Growing Corn In Pots: Learn How To Grow Corn In A Container
The first thing you need to do when planting seeds in a container is to make sure they are not damaged or destroyed. You want them to germinate and grow well so it’s best if you don’t damage them during the initial stage of growth. If your seedlings get too dry, they will die from lack of moisture.
So make sure you water them thoroughly after the soil has been moistened with rainwater.
Once your seedlings have grown into small plants, you’ll want to transplant them out of their pots and into a larger pot. Make sure you keep the roots attached to each other and not just floating around in the air because then they won’t be able to support themselves properly.
You may also want to consider adding some kind of covering over the top of your new plantings. This could be a plastic sheeting, tarpaulin, or even straw. These types of covers provide extra protection against pests and diseases that might attack your plants.
They’re great for keeping insects away as well as preventing weeds from taking root in the area where you plan to plant your crops.
Always be sure before you plant any crops that the soil is prepared properly. In some cases you may have to break up clumps of soil with your hands or a digging tool. Once this is done, you should add in several types of organic matter like grass clippings, shredded newspapers, and manure.
This will help the soil to retain more water as well as make nutrients more accessible to your crops.
You may also want to practice crop rotation when planting in containers. This will prevent the build-up of infectious diseases that can harm your plants if they are allowed to fester in one place for too long. It’s best to move your crops to a new area after a period of time so that they don’t deplete the soil of all its nutrients.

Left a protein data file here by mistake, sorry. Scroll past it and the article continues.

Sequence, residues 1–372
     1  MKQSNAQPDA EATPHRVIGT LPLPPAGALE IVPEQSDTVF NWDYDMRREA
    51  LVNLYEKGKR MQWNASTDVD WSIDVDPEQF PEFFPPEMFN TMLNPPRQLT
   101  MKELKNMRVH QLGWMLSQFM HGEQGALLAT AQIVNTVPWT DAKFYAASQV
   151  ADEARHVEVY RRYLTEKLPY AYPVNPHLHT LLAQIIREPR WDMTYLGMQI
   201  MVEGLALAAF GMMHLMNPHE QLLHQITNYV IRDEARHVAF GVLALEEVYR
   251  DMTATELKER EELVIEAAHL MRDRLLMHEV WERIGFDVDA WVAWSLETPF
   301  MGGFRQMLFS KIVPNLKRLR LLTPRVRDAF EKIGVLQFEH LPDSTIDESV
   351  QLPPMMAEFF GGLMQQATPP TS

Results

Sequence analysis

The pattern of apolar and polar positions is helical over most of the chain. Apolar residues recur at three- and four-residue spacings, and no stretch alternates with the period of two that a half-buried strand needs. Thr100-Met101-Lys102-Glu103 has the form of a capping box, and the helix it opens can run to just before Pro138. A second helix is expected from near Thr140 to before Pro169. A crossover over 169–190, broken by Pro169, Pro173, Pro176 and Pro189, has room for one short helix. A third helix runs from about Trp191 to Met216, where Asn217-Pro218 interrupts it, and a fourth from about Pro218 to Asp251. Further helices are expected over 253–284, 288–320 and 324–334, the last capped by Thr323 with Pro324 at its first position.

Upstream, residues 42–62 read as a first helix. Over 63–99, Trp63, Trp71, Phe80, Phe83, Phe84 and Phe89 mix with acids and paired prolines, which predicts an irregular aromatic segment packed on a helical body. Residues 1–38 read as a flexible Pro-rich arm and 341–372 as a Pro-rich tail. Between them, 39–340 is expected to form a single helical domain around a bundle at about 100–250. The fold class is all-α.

It’s important that you water your plants on a regular basis. If they are starting to wilt even just a little bit, give them an extra drink of water to perk them back up. As long as you keep this up, your crops should grow up healthy and strong in no time at all!
When planting corn, you want to be sure that the soil is loose and well-draining. If the ground is too hard when you plant the seeds, it can prevent adequate water from reaching the roots or cause them to grow into an odd shape. You also want to make sure you plant your seeds at the right depth.
When in doubt, it’s always best to plant shallow. This will allow the root system to develop more quickly.
Also, make sure you leave enough space between each seed. This will prevent them from competing with each other for nutrients. It will also allow for more room for the roots to spread out and access moisture from the soil.
If your rows are too close together, this can also cause problems when it’s time to thin out your crop. Corn is a fairly hearty and hardy crop, but it still needs room to grow.
When it’s time to water your crops, you’ll want to give them a good soaking. Some people like to use a hose for this, but I’ve heard of many cases where the pressure from the hose severely damaged the roots of plants. If you don’t have a sprinkler system to properly water your garden, you can bring out the hose and slowly douse each plant until the soil is completely soaked through.
You may need to do this more than once. If you notice that your plants are still looking a little dry after a day or two, then go ahead and water them again. Just make sure you let the soil dry out a bit in-between waterings because soggy soil can cause just as many problems as dry soil.
One thing you don’t want to do is fertilize your crops too much.
Sources & references used in this article:
Can Bacillus thuringiensis (Bt) corn residues and Bt-corn plants affect life-history traits in the earthworm Aporrectodea caliginosa? by ML Vercesi, PH Krogh, M Holmstrup – Applied Soil Ecology, 2006 – Elsevier
Effect of zinc× boron interaction on plant growth and tissue nutrient concentration of corn by SM Hosseini, M Maftoun, N Karimian… – Journal of plant …, 2007 – Taylor & Francis
Noncompetitive Effects of Giant Foxtail on the Growth of Corn1 by DT Bell, DE Koeppe – Agronomy Journal, 1972 – Wiley Online Library
Arbuscular mycorrhizal contribution to heavy metal uptake by maize (Zea mays L.) in pot culture with contaminated soil by I Weissenhorn, C Leyval, G Belgy, J Berthelin – Mycorrhiza, 1995 – Springer